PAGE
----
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Standard User RuralWire
(newbie) Thu 20-Nov-14 10:44:51
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Progress report on Superfast North Yorkshire - November 2014


[link to this post]
 
Apparently, the much awaited progress report on Superfast North Yorkshire was presented to a meeting of the Executive of North Yorkshire County Council held on Tuesday 18 November 2014.

There are plenty of details in the report relating to progress on Phases 1, 2 and 3, the recent Open Market Review, FTTRN, the Government funded Airwave trial, funding issues and so forth, but a number of fundamental questions remain unanswered.

The link to the report is below, but this appears to be a temporary link as the County Council 'online democracy system is currently undergoing maintenance'.


http://www.northyorks.gov.uk/media/29861/Exec---addi...

Does anyone have a clear insight into how all this might impact on the 2Mbps Universal Service Commitment?
Standard User WWWombat
(knowledge is power) Thu 20-Nov-14 11:42:55
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Re: Progress report on Superfast North Yorkshire - November


[re: RuralWire] [link to this post]
 
Grrrr

I was going to go along when they presented this... but there was no agenda published for that meeting!
Administrator MrSaffron
(staff) Thu 20-Nov-14 12:26:10
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Re: Progress report on Superfast North Yorkshire - November


[re: RuralWire] [link to this post]
 
Impact will only be clear as and when people actually buy into the new services offered in the areas.

USC upgrades are NOT automatic.

Reading report now

The author of the above post is a thinkbroadband staff member. It may not constitute an official statement on behalf of thinkbroadband.


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Standard User WWWombat
(knowledge is power) Thu 20-Nov-14 12:47:13
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Re: Progress report on Superfast North Yorkshire - November


[re: RuralWire] [link to this post]
 
Hmmm.

So the biggest things to report, on first read-through, are:

- That FTTRN is delayed - both in trial, and in full deployment - though we now know where the trial is located (Ulshaw, Leyburn)

The reason appears to be the cost of power; the example given shows that reverse power (from end user) is not part of the architecture, that local power (described as "1:1" and used in the trial) is costly. The example reports that the problem could be solved by sharing power amongst a number of FTTRN nodes - which could indicate it being forward-fed from the cabinet or somewhere on a shared spine out from the cabinet.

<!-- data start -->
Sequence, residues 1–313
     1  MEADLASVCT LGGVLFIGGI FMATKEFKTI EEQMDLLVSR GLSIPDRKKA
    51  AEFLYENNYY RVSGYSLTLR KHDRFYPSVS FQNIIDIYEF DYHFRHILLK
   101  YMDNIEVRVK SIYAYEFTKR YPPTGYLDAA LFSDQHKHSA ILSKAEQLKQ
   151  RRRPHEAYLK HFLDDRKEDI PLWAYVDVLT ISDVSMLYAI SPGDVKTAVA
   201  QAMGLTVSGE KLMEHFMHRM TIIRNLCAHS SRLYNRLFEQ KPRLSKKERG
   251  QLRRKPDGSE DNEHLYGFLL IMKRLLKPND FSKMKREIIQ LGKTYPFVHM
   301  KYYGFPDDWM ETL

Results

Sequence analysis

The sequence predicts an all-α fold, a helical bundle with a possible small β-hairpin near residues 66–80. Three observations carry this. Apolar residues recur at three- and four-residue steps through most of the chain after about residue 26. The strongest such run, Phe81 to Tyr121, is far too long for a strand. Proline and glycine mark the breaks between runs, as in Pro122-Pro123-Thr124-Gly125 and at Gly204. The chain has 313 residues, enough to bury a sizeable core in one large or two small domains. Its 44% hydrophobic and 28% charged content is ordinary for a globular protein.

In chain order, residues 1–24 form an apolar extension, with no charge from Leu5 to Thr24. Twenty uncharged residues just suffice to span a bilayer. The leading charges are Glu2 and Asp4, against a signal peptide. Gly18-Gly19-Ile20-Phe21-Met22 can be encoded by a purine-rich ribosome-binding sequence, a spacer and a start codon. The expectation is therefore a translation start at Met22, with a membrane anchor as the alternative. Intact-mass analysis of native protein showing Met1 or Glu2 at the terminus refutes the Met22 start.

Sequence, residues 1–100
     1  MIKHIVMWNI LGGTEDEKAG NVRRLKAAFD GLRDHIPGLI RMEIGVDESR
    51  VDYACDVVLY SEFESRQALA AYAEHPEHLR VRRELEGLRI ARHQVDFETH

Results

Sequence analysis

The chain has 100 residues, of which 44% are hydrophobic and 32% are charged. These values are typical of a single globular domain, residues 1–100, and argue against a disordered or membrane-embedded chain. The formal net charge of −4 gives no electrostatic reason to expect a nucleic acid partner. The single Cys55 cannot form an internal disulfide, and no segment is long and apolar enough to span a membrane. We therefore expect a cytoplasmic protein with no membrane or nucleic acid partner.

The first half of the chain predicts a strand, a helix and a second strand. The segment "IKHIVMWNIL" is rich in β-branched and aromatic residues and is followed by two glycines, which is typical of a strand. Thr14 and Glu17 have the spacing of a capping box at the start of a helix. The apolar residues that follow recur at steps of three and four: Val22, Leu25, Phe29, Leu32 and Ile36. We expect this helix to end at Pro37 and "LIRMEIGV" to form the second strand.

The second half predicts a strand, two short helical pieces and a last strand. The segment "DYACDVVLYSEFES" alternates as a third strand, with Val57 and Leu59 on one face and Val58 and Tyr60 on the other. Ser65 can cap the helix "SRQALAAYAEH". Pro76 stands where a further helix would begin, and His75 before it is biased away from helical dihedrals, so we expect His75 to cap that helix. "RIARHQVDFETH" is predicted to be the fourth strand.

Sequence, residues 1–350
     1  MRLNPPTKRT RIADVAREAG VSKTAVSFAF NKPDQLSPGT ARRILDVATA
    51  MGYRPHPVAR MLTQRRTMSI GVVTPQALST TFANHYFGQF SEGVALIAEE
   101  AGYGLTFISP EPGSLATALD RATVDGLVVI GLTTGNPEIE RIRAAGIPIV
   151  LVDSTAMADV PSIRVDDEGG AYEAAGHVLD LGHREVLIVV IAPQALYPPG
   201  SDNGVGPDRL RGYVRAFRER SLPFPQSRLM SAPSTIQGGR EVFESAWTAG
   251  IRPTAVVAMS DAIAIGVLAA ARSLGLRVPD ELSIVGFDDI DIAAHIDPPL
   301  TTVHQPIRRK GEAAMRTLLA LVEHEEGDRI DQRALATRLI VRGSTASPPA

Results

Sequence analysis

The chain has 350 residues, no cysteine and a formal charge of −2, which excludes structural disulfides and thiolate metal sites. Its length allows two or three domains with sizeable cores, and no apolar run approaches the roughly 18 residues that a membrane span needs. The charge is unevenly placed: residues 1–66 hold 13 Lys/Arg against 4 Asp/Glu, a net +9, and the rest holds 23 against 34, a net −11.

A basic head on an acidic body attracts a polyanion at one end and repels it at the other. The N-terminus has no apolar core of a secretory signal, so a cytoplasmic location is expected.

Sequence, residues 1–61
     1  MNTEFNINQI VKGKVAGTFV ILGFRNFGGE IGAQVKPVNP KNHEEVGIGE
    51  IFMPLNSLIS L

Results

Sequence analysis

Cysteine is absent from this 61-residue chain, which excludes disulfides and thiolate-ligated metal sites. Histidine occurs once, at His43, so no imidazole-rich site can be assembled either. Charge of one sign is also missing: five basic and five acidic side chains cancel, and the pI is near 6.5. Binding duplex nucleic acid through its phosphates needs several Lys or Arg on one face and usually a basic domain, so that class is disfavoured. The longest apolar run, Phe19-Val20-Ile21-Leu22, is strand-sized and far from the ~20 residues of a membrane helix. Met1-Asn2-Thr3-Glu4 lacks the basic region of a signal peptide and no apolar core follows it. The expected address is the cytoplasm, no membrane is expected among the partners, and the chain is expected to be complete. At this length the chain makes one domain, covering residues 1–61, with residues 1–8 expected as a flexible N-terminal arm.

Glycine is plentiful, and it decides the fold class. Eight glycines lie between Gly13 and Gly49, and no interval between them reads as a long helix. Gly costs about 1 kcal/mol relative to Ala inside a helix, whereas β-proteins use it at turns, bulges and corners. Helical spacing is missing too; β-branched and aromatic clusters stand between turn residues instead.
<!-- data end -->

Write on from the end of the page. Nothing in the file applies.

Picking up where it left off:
- That the end of phase 1 is delayed into 2015. Reason: engineering staff competent at the copper re-arrangement needed for EO lines - which is becoming a national issue.

- That phase 2 is delayed into 2016. Reason: A knock-on effect from phase 1, and more of the same resource issues.

- That phase 3 (SEP) should not commit to fibre-based (ie BT) funding as yet. The average subsidy per home is getting too high; if spent on fibre-based solution (FTTRN or FTTP), the budget would only cover 1% of the county's homes, not the expected 5%.

- York is leaving the SFNY project. This was expected, with their plans becoming aligned with the West Yorkshire groups recently.

- The Airwave pilot (for the innovation fund) is given a location (Esk valley & West Witton); details suggest the trial is more about providing wholesale backhaul for WISPs to use.

- Takeup is running at 20%, and is at 25% for cabinets that have been running for 15 months. Projected to be at 30% by March 2015.

Centrally, BDUK appear to be working out how to get takeup to 50%.

- Within the commercial rollout, 177,000 properties are counted as getting superfast speeds, with 8,000 getting non-superfast speeds. That's 95% of the coverage getting SF speeds.

Overall, the report feels like NY is heading towards wireless for the final portion. I suspect that a key link in the chain (here and nationally) will be getting a wholesale backhaul solution that the main ISPs hook up to (ie enabling service through Sky, TalkTalk and even BT)
Administrator MrSaffron
(staff) Thu 20-Nov-14 13:06:36
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Re: Progress report on Superfast North Yorkshire - November


[re: WWWombat] [link to this post]
 
We have our own tracking of course for the various projects and so far the gap between fibre and superfast is wider in North Yorkshire than elsewhere. It is a challenging area and hard to also track as EO cabinets are hard to discover and probably explains our difference in the figures.

The Airwave is interesting, but a risk of Airwave walking away if long term it does not look commercially viable is there.

The author of the above post is a thinkbroadband staff member. It may not constitute an official statement on behalf of thinkbroadband.
Standard User WWWombat
(knowledge is power) Thu 20-Nov-14 14:30:09
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Re: Progress report on Superfast North Yorkshire - November


[re: RuralWire] [link to this post]
 
In reply to a post by RuralWire:
Does anyone have a clear insight into how all this might impact on the 2Mbps Universal Service Commitment?


NY haven't once given the USC portion a priority over the superfast portion.